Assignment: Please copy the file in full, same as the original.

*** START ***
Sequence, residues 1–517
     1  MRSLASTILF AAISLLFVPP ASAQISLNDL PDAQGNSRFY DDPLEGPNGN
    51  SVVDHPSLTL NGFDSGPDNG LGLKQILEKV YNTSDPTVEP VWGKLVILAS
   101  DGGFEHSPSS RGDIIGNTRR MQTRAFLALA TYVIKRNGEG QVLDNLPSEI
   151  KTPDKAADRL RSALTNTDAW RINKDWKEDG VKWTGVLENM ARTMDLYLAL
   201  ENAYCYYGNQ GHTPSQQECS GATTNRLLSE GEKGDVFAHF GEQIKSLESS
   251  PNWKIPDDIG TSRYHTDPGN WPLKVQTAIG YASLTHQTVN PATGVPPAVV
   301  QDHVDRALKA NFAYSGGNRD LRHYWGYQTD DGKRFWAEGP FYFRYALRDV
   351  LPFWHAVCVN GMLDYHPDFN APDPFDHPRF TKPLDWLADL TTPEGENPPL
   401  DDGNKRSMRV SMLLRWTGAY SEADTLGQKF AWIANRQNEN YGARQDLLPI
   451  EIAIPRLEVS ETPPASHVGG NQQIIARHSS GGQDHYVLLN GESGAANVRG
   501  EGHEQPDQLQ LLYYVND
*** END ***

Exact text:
Sequence, residues 1–517
     1  MRSLASTILF AAISLLFVPP ASAQISLNDL PDAQGNSRFY DDPLEGPNGN
    51  SVVDHPSLTL NGFDSGPDNG LGLKQILEKV YNTSDPTVEP VWGKLVILAS
   101  DGGFEHSPSS RGDIIGNTRR MQTRAFLALA TYVIKRNGEG QVLDNLPSEI
   151  KTPDKAADRL RSALTNTDAW RINKDWKEDG VKWTGVLENM ARTMDLYLAL
   201  ENAYCYYGNQ GHTPSQQECS GATTNRLLSE GEKGDVFAHF GEQIKSLESS
   251  PNWKIPDDIG TSRYHTDPGN WPLKVQTAIG YASLTHQTVN PATGVPPAVV
   301  QDHVDRALKA NFAYSGGNRD LRHYWGYQTD DGKRFWAEGP FYFRYALRDV
   351  LPFWHAVCVN GMLDYHPDFN APDPFDHPRF TKPLDWLADL TTPEGENPPL
   401  DDGNKRSMRV SMLLRWTGAY SEADTLGQKF AWIANRQNEN YGARQDLLPI
   451  EIAIPRLEVS ETPPASHVGG NQQIIARHSS GGQDHYVLLN GESGAANVRG
   501  EGHEQPDQLQ LLYYVND